I owe a huge thank you to Mary Beard for taking the time to have this conversation, and for following up with images and with edits to the transcript.
For more Mary Beard, meanwhile, don’t miss her blog, A Don’s Life; her essays at the London Review of Books; or The Roman Triumph, due out this Autumn.
Finally, titles in the Wonders of the World series now include:

The Parthenon by Mary Beard
The Colosseum by Keith Hopkins and Mary Beard
The Tomb of Agamemnon by Cathy Gere
The Temple of Jerusalem by Simon Goldhill
Westminster Abbey by Richard Jenkyns
The Alhambra by Robert Irwin
The Rosetta Stone by John Ray
St. Peter’s by Keith Miller
St. Pancras Station by Simon Bradley
The Memorial to the Missing of the Somme by Gavin Stamp

Collect them all—and don’t miss Part One of this interview while you’re doing so.

The Wonders of the World: An Interview with Mary Beard (pt. 1)

Mary Beard is a Professor of Classics at Cambridge University, where she is a fellow of Newnham College. She also writes a blog for the Times, called A Don’s Life, and she is the editor of an excellent new series of books, The Wonders of the World.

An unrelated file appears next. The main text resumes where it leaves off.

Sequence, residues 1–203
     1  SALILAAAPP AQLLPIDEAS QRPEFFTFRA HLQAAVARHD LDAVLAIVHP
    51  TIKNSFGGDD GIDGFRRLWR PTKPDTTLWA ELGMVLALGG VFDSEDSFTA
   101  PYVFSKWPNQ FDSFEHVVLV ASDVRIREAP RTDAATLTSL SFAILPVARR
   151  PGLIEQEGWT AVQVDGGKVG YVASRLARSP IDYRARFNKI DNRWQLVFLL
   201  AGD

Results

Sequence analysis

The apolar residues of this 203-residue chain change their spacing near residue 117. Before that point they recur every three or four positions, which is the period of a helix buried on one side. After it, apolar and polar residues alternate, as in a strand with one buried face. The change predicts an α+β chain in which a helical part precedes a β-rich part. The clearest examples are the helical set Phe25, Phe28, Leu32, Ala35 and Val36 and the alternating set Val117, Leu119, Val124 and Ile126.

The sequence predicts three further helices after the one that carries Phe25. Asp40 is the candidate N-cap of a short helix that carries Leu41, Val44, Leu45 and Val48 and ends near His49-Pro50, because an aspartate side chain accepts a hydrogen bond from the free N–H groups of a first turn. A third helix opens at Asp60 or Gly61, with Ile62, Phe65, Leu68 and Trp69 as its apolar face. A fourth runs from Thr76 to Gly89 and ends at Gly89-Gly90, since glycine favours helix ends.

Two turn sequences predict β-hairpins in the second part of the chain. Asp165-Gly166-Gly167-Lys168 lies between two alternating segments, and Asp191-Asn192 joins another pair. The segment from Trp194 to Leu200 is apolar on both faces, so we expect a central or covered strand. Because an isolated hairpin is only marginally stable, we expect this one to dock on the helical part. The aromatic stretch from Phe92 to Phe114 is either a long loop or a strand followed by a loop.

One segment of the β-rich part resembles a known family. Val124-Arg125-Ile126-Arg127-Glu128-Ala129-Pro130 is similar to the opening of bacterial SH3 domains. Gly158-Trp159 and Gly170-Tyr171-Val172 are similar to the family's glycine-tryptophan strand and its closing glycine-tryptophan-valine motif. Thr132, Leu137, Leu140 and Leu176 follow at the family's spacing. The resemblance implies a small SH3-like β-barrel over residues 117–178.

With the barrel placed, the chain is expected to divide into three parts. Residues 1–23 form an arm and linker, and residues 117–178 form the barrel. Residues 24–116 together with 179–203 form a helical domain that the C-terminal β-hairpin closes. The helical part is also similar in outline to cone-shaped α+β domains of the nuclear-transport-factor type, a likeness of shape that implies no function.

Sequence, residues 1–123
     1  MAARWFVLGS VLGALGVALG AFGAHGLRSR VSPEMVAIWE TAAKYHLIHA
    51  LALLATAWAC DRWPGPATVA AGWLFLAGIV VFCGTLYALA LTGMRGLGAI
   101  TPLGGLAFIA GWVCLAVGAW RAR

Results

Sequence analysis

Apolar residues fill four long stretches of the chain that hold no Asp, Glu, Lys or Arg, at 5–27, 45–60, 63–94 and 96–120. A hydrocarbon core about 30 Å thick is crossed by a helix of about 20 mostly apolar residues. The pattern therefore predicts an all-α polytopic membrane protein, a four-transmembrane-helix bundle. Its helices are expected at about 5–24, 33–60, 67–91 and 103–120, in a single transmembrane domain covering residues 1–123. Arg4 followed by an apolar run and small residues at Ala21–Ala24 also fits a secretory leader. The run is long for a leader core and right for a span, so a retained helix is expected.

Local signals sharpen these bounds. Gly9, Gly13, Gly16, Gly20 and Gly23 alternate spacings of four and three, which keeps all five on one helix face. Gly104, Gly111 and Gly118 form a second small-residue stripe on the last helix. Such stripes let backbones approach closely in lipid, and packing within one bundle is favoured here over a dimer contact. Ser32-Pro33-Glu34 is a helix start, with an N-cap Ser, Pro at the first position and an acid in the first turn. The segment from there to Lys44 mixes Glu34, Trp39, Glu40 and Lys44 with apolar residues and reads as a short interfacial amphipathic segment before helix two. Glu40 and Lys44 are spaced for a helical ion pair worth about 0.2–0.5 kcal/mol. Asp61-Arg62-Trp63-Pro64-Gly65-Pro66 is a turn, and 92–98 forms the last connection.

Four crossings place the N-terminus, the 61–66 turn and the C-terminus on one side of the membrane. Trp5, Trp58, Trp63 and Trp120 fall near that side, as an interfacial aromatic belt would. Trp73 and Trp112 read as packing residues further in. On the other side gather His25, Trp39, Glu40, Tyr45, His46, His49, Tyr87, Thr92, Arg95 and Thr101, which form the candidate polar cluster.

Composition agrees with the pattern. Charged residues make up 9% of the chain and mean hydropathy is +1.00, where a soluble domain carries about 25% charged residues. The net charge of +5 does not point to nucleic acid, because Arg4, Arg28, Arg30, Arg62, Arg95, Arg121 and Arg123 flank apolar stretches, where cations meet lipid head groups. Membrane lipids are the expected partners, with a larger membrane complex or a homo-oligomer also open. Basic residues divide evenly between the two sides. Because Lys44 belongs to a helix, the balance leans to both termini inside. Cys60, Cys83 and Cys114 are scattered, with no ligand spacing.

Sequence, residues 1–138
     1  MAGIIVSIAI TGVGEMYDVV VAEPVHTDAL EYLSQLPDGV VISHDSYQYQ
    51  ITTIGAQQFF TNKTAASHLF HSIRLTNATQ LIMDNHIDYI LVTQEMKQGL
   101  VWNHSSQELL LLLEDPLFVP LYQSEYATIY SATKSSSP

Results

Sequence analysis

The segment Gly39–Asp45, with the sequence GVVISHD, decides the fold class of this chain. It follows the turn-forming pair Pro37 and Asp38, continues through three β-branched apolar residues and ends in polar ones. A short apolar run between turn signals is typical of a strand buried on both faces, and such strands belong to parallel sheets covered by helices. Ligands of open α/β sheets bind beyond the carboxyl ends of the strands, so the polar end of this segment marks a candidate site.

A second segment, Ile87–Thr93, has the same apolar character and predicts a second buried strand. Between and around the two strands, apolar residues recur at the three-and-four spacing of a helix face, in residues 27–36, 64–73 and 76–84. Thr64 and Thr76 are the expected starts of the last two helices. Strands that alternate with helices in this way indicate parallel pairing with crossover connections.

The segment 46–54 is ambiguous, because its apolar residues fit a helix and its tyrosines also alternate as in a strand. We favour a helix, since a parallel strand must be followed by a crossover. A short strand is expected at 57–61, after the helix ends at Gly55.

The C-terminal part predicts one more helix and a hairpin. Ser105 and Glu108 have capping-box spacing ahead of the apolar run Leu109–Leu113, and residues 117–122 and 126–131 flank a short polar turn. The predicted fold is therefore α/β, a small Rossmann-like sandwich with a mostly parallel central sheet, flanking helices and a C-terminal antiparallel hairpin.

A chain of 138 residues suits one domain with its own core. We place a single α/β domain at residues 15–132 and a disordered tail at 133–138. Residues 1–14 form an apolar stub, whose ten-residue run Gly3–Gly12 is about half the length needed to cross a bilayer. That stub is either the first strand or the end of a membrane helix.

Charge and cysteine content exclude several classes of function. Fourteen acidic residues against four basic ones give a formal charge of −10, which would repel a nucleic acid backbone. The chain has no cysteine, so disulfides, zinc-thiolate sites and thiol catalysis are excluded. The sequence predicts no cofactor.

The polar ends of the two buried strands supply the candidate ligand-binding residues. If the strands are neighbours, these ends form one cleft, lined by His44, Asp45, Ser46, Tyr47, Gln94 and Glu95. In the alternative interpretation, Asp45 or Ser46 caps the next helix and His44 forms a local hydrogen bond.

The latter is “a small series of books that will focus on some of the world’s most famous sites or monuments.” It is published by Profile in the UK, and by Harvard University Press in North America.

A few notable titles in that series include Mary Beard’s own book about The Parthenon; her collaboration with Keith Hopkins for The Colosseum; Cathy Gere’s extraordinary look at The Tomb of Agamemnon (previously discussed on BLDGBLOG here); and many others, including books about Westminster Abbey, The Temple of Jerusalem, and The Alhambra, with other titles ranging from the birth of Egyptology to the history of British railways and the First World War.

Meanwhile, Beard has another, highly anticipated book forthcoming from Harvard University Press: The Roman Triumph. Among other such questions, that book will ask: “what are the implications of the Roman triumph, as a celebration of imperialism and military might, for questions about military power and ‘victory’ in our own day?”